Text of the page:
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BLEPHARITIS

What is blepharitis?

Blepharitis is chronic inflammation of the margins of the eyelids. It can involve the outer or external eyelid, or the inner eyelid, including the eyelashes, conjunctiva (whites of the eye) and the meibomian glands (those that lubricate the eye).

What are the symptoms and signs?

Generally there is a persistent and unsightly redness and scaliness of the skin on and around the eyelid margins. Other problems may include:

  • persistent soreness or swelling of the eyelids, conjunctiva or eyes

  • greasy appearance of the eyelid margins

  • flakes of skin, like dandruff

  • eyelashes that fall out

  • small ulcers on the eyelid

  • crusting and bleeding (if severe)

  • irritation of the eye (from flakes)

  • sensation of ‘something in the eye’

  • grittiness, burning and itching

  • discharge from the lids, causing lashes to glue together during sleep

  • sensitivity to light

  • watery or dry eyes.

What are the main causes or types?

  • Seborrhoeic blepharitis: associated with seborrhoeic dermatitis

  • Rosacea blepharitis: associated with rosacea of face

  • Staphylococcus blepharitis: due to infection with the bacterium Staphylococcus aureus

  • Allergic blepharitis: skin reaction to chemicals such as makeup and contact lens products

What are the complications of blepharitis?

Apart from infection with Staphylococcus any of the following can occur:

  • styes (infection of an eyelash)

  • meibomian cyst infection

  • conjunctivitis (inflammation of the whites of the eye)

  • ulceration of the conjunctiva (white of eye) or cornea (clear covering of eye)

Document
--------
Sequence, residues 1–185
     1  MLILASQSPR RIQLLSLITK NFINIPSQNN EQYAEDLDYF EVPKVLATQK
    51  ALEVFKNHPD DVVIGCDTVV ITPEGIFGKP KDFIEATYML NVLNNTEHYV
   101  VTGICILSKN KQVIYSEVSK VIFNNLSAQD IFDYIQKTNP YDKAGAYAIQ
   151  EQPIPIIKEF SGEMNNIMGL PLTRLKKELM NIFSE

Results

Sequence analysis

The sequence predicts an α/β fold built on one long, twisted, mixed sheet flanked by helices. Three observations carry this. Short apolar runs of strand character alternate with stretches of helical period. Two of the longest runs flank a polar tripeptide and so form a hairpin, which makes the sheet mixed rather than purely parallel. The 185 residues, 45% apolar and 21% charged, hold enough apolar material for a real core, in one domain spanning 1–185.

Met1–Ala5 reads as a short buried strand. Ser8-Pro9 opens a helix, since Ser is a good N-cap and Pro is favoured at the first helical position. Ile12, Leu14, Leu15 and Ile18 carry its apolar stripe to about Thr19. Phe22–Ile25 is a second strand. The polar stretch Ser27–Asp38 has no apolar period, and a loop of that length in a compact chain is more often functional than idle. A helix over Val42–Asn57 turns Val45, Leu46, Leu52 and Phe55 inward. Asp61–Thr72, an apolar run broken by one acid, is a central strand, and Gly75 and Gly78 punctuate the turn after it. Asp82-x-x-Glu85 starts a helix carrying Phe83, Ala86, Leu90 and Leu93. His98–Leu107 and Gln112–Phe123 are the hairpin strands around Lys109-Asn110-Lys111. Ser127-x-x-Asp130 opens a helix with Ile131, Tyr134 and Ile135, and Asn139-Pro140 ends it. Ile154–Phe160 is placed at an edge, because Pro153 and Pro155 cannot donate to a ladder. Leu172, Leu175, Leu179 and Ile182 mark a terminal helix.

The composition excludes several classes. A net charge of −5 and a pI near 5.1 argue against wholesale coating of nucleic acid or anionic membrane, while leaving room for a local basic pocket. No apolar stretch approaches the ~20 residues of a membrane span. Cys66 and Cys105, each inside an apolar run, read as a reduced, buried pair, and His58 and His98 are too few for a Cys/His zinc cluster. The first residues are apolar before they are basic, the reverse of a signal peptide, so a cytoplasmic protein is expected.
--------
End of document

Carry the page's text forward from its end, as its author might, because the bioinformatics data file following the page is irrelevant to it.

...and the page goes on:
• loss of eyelashes

  • scarring of eyelids

  • misdirected eyelash growth (e.g. inwards).

What is the expected outcome?

Blepharitis is a chronic inflammation that is stubbornly resistant to treatment. It can be controlled and sometimes cured in about 6 to 12 months but tends to recur.

What is the treatment?

  • Eyelid hygiene is the key to successful treatment. The crusts and other debris on the eyelids should be gently cleaned with a cotton bud dipped in clean, warm water, a weak solution of sodium bicarbonate (baking soda) or a 1 in 10 dilution of baby shampoo. This should be done once or twice daily depending on the severity. An alternative is to apply a warm water or saline soak with gauze for 20 minutes followed by a rest for 60 minutes before bathing the eyelids again.

  • Formulated eyelid wipes: This new technique involves wiping the eyelids from inside to outside with prepared eye-cleaning, pH-balanced wipes. It is quite expensive but may save using medication. Splash eyes with water after use.

  • Control scalp seborrhoea with antidandruff shampoo (e.g. Selsun® or Head & Shoulders®).

  • Eye lubricants such as artificial tear preparation will relieve the symptoms of dry eyes.

  • Avoid wearing ...

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